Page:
Cargill Inc. posted a rare loss — $51 million for its fiscal fourth quarter — capping a mediocre year marked by weakening economic conditions in emerging markets.

The Minnetonka-based agribusiness giant posted net earnings of $1.58 billion for the fiscal year ending May 31, down 13 percent from a year ago.

“While several Cargill businesses generated very strong earnings in fiscal 2015, we lagged results from the prior year and did not meet our own expectations,” David MacLennan, Cargill’s president and chief executive, said in a statement. “The economic environment remains sluggish in many emerging markets where we have invested significantly over the past several years.”

Cargill’s fourth-quarter loss, which was due to one-time charges, compared to a profit of $376 million a year ago. It was the first loss for Cargill since its fiscal fourth quarter in 2001.

MacLennan noted that all four of the company’s business segments were profitable. The loss in the three-month period resulted from charges taken at the corporate level, including an asset impairment related to a software system and another charge tied to Venezuela’s currency meltdown.

Cargill’s fourth-quarter revenue was $28.4 billion, down from $36.2 billion a year earlier. For the fiscal year, revenue was $120.4 billion, down 11 percent from the previous year.

Cargill is one of the world’s largest privately held companies, with interests in everything from grain trading to chocolate making and road salt.

The company’s animal nutrition and meat processing business posted increased profits for the full year, with particularly strong results in animal feed, Central America poultry and U.S. pork, turkey and egg processing. The U.S. results came despite a bird flu epidemic that hobbled the U.S. egg and turkey markets.

However, fourth-quarter earnings in animal nutrition and meat processing declined from a year ago. High cattle costs hurt Cargill’s beef business.

Fourth-quarter profits in grain origination and processing, which includes trading and exporting, also lagged the year-ago quarter. However, full-year earnings in that segment were up slightly over the previous year. Results in North America were strong, particularly in soybean crushing.

The grain business’ results in South America were hampered by lower prices for corn and soybeans, which caused farmers to hold their crops. In Europe, earnings were hurt by the armed occupation of Cargill’s large sunflower seed processing plant in Donetsk, Ukraine. The plant has been shut down now for 11 months.

Cargill isn’t alone in experiencing soft results in the grain business. Over the past week, Archer Daniels Midland and Bunge both posted earnings that fell short of analysts’ forecasts.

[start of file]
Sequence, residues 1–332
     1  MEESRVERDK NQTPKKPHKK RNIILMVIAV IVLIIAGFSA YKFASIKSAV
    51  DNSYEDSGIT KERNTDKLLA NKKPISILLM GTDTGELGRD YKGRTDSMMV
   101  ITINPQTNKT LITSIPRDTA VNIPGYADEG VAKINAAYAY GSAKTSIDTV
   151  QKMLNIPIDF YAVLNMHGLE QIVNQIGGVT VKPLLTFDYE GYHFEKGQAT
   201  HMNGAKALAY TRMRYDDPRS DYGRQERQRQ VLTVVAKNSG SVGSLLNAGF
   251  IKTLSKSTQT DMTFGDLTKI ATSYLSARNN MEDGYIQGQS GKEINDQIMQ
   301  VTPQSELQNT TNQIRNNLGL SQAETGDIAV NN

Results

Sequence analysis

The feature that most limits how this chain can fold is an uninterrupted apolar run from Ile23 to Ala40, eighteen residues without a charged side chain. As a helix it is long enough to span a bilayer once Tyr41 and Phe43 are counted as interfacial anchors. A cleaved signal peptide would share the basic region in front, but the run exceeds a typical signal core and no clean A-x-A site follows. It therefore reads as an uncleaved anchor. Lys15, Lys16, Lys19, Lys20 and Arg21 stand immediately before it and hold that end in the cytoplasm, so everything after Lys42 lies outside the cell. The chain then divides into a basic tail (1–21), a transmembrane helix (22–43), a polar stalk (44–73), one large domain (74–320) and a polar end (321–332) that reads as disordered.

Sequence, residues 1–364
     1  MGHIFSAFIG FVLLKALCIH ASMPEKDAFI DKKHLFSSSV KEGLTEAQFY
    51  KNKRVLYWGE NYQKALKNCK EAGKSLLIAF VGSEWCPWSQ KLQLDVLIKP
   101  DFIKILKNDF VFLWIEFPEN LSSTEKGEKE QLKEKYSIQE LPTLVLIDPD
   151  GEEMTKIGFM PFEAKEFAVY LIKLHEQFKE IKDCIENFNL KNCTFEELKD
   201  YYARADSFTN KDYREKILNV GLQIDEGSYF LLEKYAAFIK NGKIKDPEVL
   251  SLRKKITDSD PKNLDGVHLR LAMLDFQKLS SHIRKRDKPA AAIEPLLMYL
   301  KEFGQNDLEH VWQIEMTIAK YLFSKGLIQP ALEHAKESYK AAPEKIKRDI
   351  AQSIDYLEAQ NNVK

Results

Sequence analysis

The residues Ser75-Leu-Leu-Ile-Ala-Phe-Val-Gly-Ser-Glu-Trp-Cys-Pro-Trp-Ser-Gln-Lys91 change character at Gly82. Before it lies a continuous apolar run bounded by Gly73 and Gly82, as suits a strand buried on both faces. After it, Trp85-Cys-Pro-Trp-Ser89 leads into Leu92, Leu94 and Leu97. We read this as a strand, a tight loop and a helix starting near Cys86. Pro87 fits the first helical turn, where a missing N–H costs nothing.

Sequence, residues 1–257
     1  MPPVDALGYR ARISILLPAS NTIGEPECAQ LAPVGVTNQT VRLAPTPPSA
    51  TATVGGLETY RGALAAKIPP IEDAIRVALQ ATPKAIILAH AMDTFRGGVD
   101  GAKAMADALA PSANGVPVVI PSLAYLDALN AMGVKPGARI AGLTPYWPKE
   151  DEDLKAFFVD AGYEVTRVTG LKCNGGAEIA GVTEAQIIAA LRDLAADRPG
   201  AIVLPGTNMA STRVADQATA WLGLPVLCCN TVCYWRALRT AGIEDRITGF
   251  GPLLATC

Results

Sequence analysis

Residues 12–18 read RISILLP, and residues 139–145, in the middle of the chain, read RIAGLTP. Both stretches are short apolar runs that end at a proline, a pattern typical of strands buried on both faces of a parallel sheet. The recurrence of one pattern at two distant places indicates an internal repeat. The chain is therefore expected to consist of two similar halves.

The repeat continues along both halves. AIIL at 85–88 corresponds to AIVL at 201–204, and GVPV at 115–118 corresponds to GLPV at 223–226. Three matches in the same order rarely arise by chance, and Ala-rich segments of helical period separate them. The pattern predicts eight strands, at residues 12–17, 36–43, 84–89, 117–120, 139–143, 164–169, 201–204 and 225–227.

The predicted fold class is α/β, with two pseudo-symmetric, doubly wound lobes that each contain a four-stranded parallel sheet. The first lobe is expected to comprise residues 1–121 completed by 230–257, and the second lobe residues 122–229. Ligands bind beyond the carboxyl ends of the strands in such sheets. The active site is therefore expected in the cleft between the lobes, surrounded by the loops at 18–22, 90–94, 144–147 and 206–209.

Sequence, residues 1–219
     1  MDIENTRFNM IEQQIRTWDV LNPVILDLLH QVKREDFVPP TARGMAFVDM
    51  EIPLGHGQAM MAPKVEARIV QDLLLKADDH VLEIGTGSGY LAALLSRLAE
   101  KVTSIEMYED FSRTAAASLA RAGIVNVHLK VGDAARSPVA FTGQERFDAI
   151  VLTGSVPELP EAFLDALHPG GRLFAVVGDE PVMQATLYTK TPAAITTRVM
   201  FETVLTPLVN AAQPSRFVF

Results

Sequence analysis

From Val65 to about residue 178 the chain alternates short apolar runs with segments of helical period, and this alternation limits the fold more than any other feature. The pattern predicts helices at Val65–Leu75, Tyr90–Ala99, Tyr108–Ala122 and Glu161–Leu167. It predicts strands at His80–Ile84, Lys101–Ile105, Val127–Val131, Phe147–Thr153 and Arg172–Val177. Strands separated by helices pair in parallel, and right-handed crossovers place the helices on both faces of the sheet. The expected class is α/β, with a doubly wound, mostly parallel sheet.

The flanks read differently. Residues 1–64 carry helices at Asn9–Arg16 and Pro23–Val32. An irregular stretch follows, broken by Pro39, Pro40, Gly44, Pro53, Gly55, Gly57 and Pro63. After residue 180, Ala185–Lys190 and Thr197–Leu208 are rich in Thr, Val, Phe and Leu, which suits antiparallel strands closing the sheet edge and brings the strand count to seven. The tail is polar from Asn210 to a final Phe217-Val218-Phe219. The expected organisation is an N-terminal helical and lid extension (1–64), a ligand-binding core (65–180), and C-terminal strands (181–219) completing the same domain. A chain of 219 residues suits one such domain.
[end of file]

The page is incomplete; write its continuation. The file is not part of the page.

In all commodities, stocks are being rebuilt, which is decreasing price volatility, Cargill Chief Financial Officer Marcel Smits said in an interview with the Star Tribune. That limits trading opportunities for companies like Cargill.

Earnings in Cargill’s food and ingredients business were lower in both the fourth quarter and the full year compared to the same periods last year.

Part of the problem is an economic slowdown in emerging markets and China. For example, Cargill opened a sweetener plant in Brazil over the past year amid a contraction in that country’s GDP, Smits said. A few years ago, when Cargill decided to build the plant, Brazil’s economy was booming.

Cargill’s food ingredients business last year also was hurt by consumers’ growing distaste for carbonated beverages in developed economies. Cargill is a major producer of high-fructose corn syrup, a staple in soda pop. The soda market is in decline and “we don’t see it coming back,” Smits said.

Cargill’s industrial and financial services segment, its smallest business, posted an upturn in the fourth quarter, but not for the full year.

Cargill’s fourth-quarter charges were primarily related to a “wall-to-wall” business software system, Smits said. Such systems cover everything from supply-chain management to manufacturing and financial planning. Two of three Cargill systems were implemented around the globe and “work very well,” he said.

But “the third application is the most complex,” Smits said, and Cargill discontinued work on it and had to take an impairment charge on the system’s residual value.

The rest of the one-time charges stem from Cargill’s operations in Venezuela, which devalued its currency earlier this year. Several other multinational companies have taken similar charges. For Cargill, a big supplier of flour, cooking oil and animal feed in Venezuela, the country’s shaky economy has led to charges for two years in a row.